Saturday, June 27, 2015

Why Don't You Play In Hell? (2013)


Directed by: Sion Sono
Runtime: 2hrs 9mins
Google Play, Amazon Instant

Sion Sono is one of the great directors of the world. With each of his films he aspires to make metaphors for the state of things. They're well thought out, and at times purposefully over-the-top entertainment. The target in his latest action/comedy is the entertainment industry itself.

A young group of aspiring filmmakers begin the film running around shooting whatever interesting thing pops up. Their ring leader and director Hirata (played later by Hiroki Hasegawa) has an uncompromisingly positive attitude that proves to be infectious to everyone around him, including his two camera operators, one who specializes in hand-held camera operation and the other who prefers to work with a dolly. What they lack in funding and professional film gear, they make up for in sheer enthusiastic will. Hirata gets the crew to film a local youth gang fight, but when the gangs get angry at them for filming, Hirata charms his way to their good graces and, in a clever bit of foreshadowing, ends up directing the fight on his terms.

At the same time, elsewhere in the same city, two warring yakuza clans trade attacks back and forth. The Kitagawa clan sends a group to kill Mr. Muto (Jun Kunimura), the head of clan Muto, but he isn't at home. Instead his wife fights back against the intruders killing all but one of them in a mercilessly gruesome manner. Yet the fact that she's placed in jail for the killings (whether they're considered self defense or not is debatable), prompts TV companies to pull their daughter's adorable toothbrush commercial, which features a cute little catchy tune that becomes a recurring gag throughout the film.

Flash foreward 10 years, and the sole survivor of Mrs. Muto's "self-defense" attack has taken over the Kitagawa clan. He's Ikegami (Shin'ichi Tsutsumi), perhaps the most bizarre character here, and his take over included a move to an old Japanese style castle, and a strict dress code where the only approved wardrobe is a kimono. They raid Muto's clan headquarters, but fail to find Muto himself again, because he'd gone to visit his wife in jail.

She's due to be released in the next few days, and can't wait to see their daughter Mitsuko's feature film debut. However, Muto finds out Mitsuko (Fumi Nikaidô) had lost her part in the film. The only thing for him to do, to keep from disappointing his wife's one desire upon being released, is to make their own film with Mitsuko in the staring role. And just to kill two birds with one stone, they'll film their retaliation raid on Ikegami's clan for their grand finale.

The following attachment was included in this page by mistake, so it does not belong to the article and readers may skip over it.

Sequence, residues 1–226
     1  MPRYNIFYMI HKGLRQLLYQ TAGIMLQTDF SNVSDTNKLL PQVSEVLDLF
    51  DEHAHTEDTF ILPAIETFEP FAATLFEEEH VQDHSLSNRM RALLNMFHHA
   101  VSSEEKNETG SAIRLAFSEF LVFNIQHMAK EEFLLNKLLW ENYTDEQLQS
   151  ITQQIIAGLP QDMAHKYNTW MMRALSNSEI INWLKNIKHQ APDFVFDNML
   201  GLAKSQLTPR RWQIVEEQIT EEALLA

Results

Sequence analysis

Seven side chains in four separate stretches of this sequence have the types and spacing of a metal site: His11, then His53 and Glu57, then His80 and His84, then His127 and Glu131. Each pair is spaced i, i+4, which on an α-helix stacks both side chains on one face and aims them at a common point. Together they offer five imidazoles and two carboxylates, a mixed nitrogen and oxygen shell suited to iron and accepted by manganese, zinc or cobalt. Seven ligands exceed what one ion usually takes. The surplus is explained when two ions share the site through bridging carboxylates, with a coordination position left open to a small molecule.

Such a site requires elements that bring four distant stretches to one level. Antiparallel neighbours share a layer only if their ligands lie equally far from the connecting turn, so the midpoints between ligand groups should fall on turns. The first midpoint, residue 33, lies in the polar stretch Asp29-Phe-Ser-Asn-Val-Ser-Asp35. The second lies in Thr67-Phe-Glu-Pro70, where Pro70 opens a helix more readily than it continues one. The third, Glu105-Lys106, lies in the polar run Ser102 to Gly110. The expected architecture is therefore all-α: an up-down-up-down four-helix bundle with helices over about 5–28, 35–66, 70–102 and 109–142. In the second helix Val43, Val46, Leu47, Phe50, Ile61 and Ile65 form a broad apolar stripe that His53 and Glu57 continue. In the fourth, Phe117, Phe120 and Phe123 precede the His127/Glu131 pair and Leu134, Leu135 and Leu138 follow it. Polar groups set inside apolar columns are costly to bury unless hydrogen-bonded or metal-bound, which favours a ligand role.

As you might expect, eventually the aspiring filmmakers from before get roped into making the film with the yakuzas. What follows is a hilariously grotesque and visually unique sequence that blends reality and fantasy to the point where we can't be sure what's what. In fact, there's a scene where the battle takes place in their minds as they plan out the shoot. Ikegami sees the film crew, and the two clans clashing, he realizes his men are tense and frightened, whereas Muto clan and the film crew seem to be living in a fantasy world, completely oblivious to danger. He remarks that reality will lose to fantasy. It's Sono's clever way of telling us what to expect, as both clans agree to live in this oddball fantasy world for the shooting of the film. 

It's an over-the-top piece of absurd fun. Sono's visuals are beautifully stylistic, and original, particularly when one character accidentally spills a box of cocaine on his face during the battle and things switch to his drugged perspective. Sono's grand finale is hilariously, even shockingly grotesque, yet that becomes part of the problem as the film begins to slowly unravel while discarding principal characters. Yet that seems to be part of his purpose. It's a Tarantino-esque anti-Tarantino film. The absurdity of the characters and the world they inhabit, let alone its commentary on the state of entertainment and the makers of that entertainment, are Sion Sono's specialty.

We exist as the Koji character, a poor soul trapped in the middle of yakuzas and pulp filmmakers, forcibly subjected to their whims, and sentences to the worst fate of all. Perhaps most concerning is Sono's vision for what both sides deserve, whether or not we've come to like these characters. Nevertheless Sono is a uinique filmmaker, and this one is one of the most unique films I've seen in some time.